Tough, Tough Toys for Tough, Tough Boys - stories by Booker-shortlisted author Will Self
'Self at his most nihilistic and funny; you'll laugh and flinch at the same time' Guardian
'Self has turned out an hilarious collection, with the requisite touch of disorientation. "Flytopia", the story about a man who suddenly finds flies more lovable than his girlfriend, follows the Kafkaesque line Self opened with his recent novel Great Apes - man as animal ... "Story for Europe", about a two-year-old north Londoner who suddenly starts speaking business German, is comic genius' Brenda Maddox, New Statesman
'When Will Self wants to step outside his cultivated amoral threshold and shock us into rage, the effect can be profound ... an awesome London Dungeon of a collection ... Self is a massive talent' Time Out
'He has a powerful sense of place: the murkier streets of London ... where anything can happen ... And modernity is his urgent subject' The Times
For readers of The Book of Dave and Umbrella, Tough, Tough Boys... will also be adored by readers of Martin Amis, David Mitchell and Irvine Welsh.
Will Self is the author of nine novels including Cock and Bull; My Idea of Fun; Great Apes; How the Dead Live; Dorian, an Imitation; The Book of Dave; The Butt; Walking to Hollywood and Umbrella, which was shortlisted for the Man Booker Prize. He has written five collections of shorter fiction and three novellas: The Quantity Theory of Insanity; Grey Area; License to Hug; The Sweet Smell of Psychosis; Design Faults in the Volvo 760 Turbo; Tough, Tough Toys for Tough, Tough Boys; Dr. Mukti and Other Tales of Woe and Liver: A Fictional Organ with a Surface Anatomy of Four Lobes. Self has also compiled a number of nonfiction works, including The Undivided Self: Selected Stories; Junk Mail; Perfidious Man; Sore Sites; Feeding Frenzy; Psychogeography; Psycho Too and The Unbearable Lightness of Being a Prawn Cracker.
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This collection of short stories explores the 'muddy foreshore and abysmal depths' of the human psyche. "Caring, Sharing" envisages a realm where adults can be the children they really are, while "The Nonce Prize" presents a chilling portrait of a man who has been framed as a child abuser.Review:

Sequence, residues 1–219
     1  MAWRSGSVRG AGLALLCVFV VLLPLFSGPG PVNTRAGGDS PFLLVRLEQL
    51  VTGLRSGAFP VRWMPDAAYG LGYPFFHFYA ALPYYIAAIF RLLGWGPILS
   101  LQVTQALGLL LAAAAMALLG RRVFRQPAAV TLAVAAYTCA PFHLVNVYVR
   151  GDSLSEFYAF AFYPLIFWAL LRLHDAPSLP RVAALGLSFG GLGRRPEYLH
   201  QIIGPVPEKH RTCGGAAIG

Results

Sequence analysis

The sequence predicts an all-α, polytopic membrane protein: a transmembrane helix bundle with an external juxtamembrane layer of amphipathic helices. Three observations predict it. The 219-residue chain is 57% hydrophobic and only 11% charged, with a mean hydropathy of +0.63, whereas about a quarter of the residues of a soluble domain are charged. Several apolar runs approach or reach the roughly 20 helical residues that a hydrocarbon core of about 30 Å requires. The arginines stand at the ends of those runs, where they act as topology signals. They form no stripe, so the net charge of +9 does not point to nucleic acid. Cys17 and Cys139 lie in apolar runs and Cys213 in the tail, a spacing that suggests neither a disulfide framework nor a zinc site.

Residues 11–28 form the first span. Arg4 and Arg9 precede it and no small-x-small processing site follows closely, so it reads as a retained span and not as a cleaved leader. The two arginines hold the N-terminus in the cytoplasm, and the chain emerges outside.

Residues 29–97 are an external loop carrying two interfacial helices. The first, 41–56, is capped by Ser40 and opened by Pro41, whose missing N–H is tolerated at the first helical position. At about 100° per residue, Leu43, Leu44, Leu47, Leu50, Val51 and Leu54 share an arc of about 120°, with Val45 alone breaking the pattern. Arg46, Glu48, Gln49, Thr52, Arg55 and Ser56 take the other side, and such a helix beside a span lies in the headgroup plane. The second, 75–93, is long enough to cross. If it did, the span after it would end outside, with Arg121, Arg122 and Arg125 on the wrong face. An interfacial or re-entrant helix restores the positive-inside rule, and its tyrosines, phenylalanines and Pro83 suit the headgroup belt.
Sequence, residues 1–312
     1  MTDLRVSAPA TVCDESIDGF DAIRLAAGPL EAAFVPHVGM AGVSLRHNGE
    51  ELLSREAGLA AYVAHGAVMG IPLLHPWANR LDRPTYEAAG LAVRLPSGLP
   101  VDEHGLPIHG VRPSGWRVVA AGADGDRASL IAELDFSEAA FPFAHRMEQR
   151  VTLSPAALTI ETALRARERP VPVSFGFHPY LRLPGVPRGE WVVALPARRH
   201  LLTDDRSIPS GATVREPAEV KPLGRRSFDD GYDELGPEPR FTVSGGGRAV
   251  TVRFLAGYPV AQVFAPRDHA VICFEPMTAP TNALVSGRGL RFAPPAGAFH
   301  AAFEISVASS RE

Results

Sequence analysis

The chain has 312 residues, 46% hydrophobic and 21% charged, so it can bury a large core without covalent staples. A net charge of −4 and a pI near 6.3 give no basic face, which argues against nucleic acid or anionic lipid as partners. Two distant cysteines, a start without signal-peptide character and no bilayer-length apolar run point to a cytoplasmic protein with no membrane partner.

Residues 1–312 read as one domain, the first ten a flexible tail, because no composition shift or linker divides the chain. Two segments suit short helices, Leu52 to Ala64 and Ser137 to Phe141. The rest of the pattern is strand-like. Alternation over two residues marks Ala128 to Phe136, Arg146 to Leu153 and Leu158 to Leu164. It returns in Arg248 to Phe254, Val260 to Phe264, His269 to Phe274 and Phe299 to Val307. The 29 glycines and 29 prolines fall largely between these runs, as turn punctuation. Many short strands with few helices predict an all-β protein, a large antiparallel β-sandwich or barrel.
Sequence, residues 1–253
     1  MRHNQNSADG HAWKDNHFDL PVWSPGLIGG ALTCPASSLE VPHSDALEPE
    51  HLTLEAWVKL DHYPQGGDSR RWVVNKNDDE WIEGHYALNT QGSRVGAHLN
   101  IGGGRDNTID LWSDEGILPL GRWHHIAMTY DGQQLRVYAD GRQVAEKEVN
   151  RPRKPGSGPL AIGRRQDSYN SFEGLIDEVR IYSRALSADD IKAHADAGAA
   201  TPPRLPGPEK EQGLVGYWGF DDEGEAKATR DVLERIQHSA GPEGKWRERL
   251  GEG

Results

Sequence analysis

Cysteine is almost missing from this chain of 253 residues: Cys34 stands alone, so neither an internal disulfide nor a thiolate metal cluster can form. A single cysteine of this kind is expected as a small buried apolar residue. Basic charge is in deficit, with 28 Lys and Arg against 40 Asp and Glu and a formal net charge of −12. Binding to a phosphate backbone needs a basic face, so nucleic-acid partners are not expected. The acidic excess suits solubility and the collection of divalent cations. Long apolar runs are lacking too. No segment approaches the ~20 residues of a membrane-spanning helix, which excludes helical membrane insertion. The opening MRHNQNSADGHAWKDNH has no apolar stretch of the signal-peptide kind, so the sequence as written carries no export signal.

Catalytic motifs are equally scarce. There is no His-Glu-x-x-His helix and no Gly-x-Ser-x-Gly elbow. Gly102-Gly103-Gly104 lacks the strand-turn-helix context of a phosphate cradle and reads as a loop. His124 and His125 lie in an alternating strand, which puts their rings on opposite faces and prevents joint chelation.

Will Self's tabloid-friendly reputation as a connoisseur of proscribed substances should not obscure the fact that he can write many of his contemporaries under the table. Tough, Tough Toys for Tough, Tough Boys, is filled with typically Selfish confections: gritty chunks of reality wrapped in a sweet shell of exquisitely funny and intelligent writing. Admittedly, some of the stories here feel a little underdeveloped, as if the author were flexing his literary muscles and showing how easily he can make highbrow style dirty-dance with his lowbrow obsessions, but even the least of them is a bravura performance by an expert wordsmith. Self's obvious pleasure in bringing his extraordinary talents to bear on the seamiest of subjects is irresistible: the description of a crack cocaine rush that closes the first story, for example, is quite possibly more intoxicating than the drug itself.
But the greater part of the book complements that dazzling style with deeper pleasures. As he ranges from the hilarious tale of a remarkable infant who babbles in business German ("Bemess-bemess-bemessungsgrundlage!") to a troubled psychiatrist's journey toward the abyss, Self shows an uncanny knack for mixing realism and absurdity. The closing piece, a short novella about a wrongly convicted sex offender's attempt to win a short-story prize, is the most assured of all. In this author's hands, the barely articulate conversations of career criminals are transformed into poetry, and the struggles of the central character are both moving and wickedly funny:
In prison, in the English winter, the word crepuscular acquires new resonance, new intensity. For here and now is an eternity of forty-watt bulbs, an Empty Quarter of linoleum and a lost world of distempered walls. It's an environment of corridors and walkways, a space that taunts with the idea of progression towards arrival; then delivers only a TV room full of modular plastic chairs and Styrofoam beakers napalmed by fag ends.
In Tough, Tough Toys for Tough, Tough Boys Will Self shows once again that he's someone to be reckoned with. The kind of writer a society needs, he uses his wit as a crowbar to pry open the cracks in our culture. --Simon Leake
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Book Description Mar 04, 1999. Book Condition: New. Bookseller Inventory # 140282866